At the time I sent it to him, I was still not aware that a revised version of the essay, by Patrick Glen, PhD candidate at the University of Sheffield, had been published on H-Net, and I lightheartedly suggested that “Jack” had written it himself, on a sojourn to England.

Here is the anonymous professor’s response to “Free Speech and Competitively Priced Smut: Pornography in the United States,” an essay that I thought was brilliant, and that another reader has lauded as “the first scholarly paper to refer to the ‘insertion of fifteen billiard balls into a man’s anus followed by an elbow-deep fist-fucking.’”

Hey Bob,
I may have been a bit slow in responding to this for a reason—it is a gargantuan pile of silliness. First, from the spelling and punctuation, it is safe to assume the review is from the UK (or perhaps Oz.) Second, its possibly valiant attempt to merge a post-mod theoretical study (meaning it is largely improvised according to political need) and your authentic and gritty memoirs is sad and strained. I wouldn’t be the first to compare the former to a type of mental masturbation that aligns reality with the titillating prospect of a “reasonable” theoretical outcome, no matter how outrageously this interferes with perceived facts. I’m afraid I don’t have the energy or inclination to respond more fully, but I’ll add that the stylistic errors throughout attest to a desire to put the message before the medium, to the certain detriment of both.

Frankly I enjoyed best Sonja’s comment—“I’m one of those women that worked as an art director for D-Cup. I assure you I am a feminist.”—which simply blew apart the absurd posing of both the “academic” study and the review itself. Pfft.

Jack

PS—I’d probably give him a C-. He’s fairly articulate, though makes stylistic errors that a grad student should not. (Was there no editor?) The main problem is that his approach is simply wrong-headed—it follows a construct that is largely improvisational and therefore less than useful. He does (perhaps by accident) make some useful observations.


Do we have a genuine, take-no-prisoners academic controversy brewing? One can hope.

Deconstructing Sonja

August 9, 2011

Tags: Sonja Wagner, art, smut, Beaver Street, Steve Colby, John Lee-Graham, Falcon Foto, D-Cup

They're rioting in England! The economy's melting down! Everything's out of control! So let's talk about art again.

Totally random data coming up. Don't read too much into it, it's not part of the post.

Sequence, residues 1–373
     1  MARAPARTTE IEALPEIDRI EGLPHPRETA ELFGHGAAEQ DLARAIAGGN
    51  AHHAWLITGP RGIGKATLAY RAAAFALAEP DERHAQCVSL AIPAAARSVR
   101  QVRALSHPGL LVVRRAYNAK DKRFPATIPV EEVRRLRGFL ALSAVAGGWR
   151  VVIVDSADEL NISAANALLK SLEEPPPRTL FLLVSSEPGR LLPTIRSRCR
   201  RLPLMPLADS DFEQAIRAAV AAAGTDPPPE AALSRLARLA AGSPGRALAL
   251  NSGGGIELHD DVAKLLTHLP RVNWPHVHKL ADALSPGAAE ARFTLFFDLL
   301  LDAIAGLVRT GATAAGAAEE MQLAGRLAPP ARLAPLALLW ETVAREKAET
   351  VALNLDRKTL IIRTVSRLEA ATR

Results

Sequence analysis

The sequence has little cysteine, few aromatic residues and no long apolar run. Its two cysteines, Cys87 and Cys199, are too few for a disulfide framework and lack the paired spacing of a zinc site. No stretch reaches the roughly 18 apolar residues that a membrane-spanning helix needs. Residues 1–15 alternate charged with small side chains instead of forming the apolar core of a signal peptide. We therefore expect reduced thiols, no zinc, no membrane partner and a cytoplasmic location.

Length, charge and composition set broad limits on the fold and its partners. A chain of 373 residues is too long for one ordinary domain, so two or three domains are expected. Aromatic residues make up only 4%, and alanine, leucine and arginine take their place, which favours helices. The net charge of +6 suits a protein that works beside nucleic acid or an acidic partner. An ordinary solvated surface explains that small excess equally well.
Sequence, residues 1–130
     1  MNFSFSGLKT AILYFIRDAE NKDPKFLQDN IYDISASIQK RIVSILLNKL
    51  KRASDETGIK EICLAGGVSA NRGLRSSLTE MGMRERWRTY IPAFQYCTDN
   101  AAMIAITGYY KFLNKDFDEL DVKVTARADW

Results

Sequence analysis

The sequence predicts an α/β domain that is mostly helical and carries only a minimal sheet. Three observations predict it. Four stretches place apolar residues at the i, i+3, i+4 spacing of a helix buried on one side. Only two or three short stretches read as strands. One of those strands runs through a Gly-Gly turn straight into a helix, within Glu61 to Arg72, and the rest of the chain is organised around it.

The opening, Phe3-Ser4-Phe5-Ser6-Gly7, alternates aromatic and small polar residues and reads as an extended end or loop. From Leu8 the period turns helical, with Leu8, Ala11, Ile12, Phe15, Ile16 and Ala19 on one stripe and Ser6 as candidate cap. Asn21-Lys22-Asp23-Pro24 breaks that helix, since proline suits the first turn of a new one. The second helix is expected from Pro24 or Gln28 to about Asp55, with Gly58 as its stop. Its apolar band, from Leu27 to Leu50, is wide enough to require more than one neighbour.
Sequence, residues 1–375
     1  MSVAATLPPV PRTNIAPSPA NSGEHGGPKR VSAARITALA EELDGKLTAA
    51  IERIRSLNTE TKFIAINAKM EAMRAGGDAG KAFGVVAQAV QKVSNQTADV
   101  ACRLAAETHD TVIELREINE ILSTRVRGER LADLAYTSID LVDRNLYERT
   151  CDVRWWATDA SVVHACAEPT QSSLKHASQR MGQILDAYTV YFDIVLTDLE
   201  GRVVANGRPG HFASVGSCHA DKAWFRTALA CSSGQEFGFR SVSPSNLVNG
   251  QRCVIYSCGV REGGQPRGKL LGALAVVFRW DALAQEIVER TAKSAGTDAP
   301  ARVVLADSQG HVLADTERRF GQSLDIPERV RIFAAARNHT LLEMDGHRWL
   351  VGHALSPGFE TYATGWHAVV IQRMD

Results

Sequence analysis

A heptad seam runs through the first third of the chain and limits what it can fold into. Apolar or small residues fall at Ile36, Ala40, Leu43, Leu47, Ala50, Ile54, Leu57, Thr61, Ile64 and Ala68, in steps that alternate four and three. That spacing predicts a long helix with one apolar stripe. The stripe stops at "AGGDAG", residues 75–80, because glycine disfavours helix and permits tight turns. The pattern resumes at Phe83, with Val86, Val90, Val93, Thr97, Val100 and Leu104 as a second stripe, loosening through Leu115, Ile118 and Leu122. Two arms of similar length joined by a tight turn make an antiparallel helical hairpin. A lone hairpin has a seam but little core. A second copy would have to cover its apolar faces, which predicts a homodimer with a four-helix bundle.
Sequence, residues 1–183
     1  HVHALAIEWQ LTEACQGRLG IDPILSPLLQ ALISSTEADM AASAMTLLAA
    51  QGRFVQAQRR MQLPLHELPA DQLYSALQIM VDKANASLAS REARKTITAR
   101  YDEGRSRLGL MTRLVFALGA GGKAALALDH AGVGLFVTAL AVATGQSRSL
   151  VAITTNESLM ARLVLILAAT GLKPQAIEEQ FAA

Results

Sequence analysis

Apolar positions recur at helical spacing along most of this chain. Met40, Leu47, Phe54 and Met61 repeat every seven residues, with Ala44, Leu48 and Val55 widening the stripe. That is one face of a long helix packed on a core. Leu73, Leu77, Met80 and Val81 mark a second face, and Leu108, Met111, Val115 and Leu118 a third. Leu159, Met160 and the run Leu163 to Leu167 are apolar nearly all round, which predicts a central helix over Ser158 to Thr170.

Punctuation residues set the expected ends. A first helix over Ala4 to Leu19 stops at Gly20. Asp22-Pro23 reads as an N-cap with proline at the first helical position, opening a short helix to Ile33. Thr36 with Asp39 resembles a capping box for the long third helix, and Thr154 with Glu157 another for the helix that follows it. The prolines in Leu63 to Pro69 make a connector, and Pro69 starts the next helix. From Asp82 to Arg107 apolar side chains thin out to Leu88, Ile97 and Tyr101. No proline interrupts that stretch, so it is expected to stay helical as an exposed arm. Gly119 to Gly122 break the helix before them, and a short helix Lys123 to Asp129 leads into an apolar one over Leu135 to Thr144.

The other week I wrote about the erotic paintings of my former art director Sonja Wagner, a character in Beaver Street who goes by her real name and has some of the best lines in the book. Her paintings, I suggested, served as useful illustrations of the ongoing debate about what is art and what is smut. And I said that even her most overtly pornographic images, ones that I wouldn’t risk showing on this website, are still, clearly, art—because of the skill and imagination with which they were created, and their emotional impact.

I’ve also come to realize that Sonja’s paintings, based on her D-Cup layouts, are a parallel narrative to Beaver Street, though to appreciate this you had to be there, either when the photos were shot or when Sonja and I put together the layouts.

Her paintings remind me of the photographers who shot them—Steve Colby, John Lee- Graham, and Falcon Foto—of being in London or California and directing the shoots, of interviewing the models, or of simply standing in Sonja’s cubicle and watching her place the photos down on boards, and slice them with her X-acto knife to achieve a perfect fit. All of which I wrote about in Beaver Street.

And it amazes me that these layouts, created decades ago to be nothing more than disposable trash and masturbation fodder, have been transformed as if by magic into enduring works of art.

Thy Daily Sonja

July 26, 2011

Tags: Sonja Wagner, art, smut, Beaver Street, Falcon Foto

The past few days I’ve been posting the erotic paintings of Sonja Wagner, a character in Beaver Street and my art director when I was editing porn mags. I’ve used these images to explore the question: What is art and what is smut? The three previous paintings, “Reclining Girl,” “Single Girl in Motion,” and “Standing Girl,” are all, clearly, art, and for that reason I didn’t hesitate to post, uncensored, the entire image.

Today’s image is a detail from “Tropical Girl/Boy,” a startling 90" x 60" oil on canvas, based on a pictorial shot by Falcon Foto. Yes, this, too, is art. But I’m not posting the entire painting because it’s far filthier than any of her other erotic paintings—the “girl” is holding in her hand the semi-erect penis of the “boy.” Even if Sonja were as famous as Michelangelo and dead for 500 years, The New York Times wouldn’t post the entire image, and those are the unassailable standards we go by at The Daily Beaver, at least when it comes to art.

However, if you’re over 18 and you want to see “Tropical Girl/Boy” in all its naked glory, please click here.

Why? Because the art of Sonja Wagner is fun to look at. Do you need a better reason?

Reclining Girl

July 25, 2011

Tags: Sonja Wagner, art, smut, D-Cup, Beaver Street, John Lee-Graham, Danni Ashe